Interns Present New Social Media Risk

A new generation of interns may open organizations up to new risks…

An article review.


If you’ve been paying attention to the world of breaches and other security lapses over the years, the idea of the “insider threat” is probably nothing new—your own employees can sometimes be as likely to cause an incident as a hacker working from the outside. New research from IBM X-Force Red, however, has revealed a new addition to that old threat: young interns and social media.

The idea that social media can be a security threat is nothing new, in fact we’ve released a number of articles and resources on the subject over the years. What has changed, according to the team at IBM, is just how dedicated the next generation of interns is to social media…and that, combined with a tendency to train interns differently than fully fledged employees, can lead to trouble: the researchers were able to find enough information to mount an attack about 75 percent of the time, in just a few hours of searching social media.

In one case, researchers found an intern who happily posted her new corporate identification badge on Instagram. In other cases, they were able to find details about internal office layouts and Outlook calendar details. Combined with details on jobs from sites such as Glassdoor, social engineers could have enough information to piece together a believable phishing email, or know enough about an office’s layout to move about without attracting attention.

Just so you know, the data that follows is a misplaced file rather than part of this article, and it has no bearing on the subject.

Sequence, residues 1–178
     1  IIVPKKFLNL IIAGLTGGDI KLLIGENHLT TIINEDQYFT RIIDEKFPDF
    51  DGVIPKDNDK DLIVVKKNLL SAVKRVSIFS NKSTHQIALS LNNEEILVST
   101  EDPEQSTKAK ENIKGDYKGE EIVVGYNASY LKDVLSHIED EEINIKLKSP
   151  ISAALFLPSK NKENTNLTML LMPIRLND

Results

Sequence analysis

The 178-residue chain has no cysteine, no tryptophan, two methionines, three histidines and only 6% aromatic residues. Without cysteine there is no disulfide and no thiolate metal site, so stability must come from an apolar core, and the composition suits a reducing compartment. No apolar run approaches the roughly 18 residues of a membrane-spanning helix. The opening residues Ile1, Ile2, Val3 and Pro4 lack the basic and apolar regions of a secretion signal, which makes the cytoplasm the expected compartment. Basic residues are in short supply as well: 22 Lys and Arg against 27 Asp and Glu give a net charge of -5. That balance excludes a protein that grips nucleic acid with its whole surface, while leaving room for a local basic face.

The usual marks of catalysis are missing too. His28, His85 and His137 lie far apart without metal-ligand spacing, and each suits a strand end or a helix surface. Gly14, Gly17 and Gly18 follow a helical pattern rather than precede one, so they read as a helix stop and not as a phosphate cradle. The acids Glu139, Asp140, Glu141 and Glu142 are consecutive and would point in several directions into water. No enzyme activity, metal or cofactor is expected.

To help mitigate this threat, experts suggest giving interns the same security training that regular employees receive. Additionally, they suggest awareness training should be made part of the onboarding process, instead of only being conducted company-wide on an annual basis. Some larger organizations go further, employing social media monitors to watch for mentions of their organization online.

Social media is often a necessary tool for customer outreach and awareness among organizations today, but without a plan to address its use by employees—and interns–you may be opening yourself up to added risk.

Original article by Lindsey O’Donnell writing for Threatpost.



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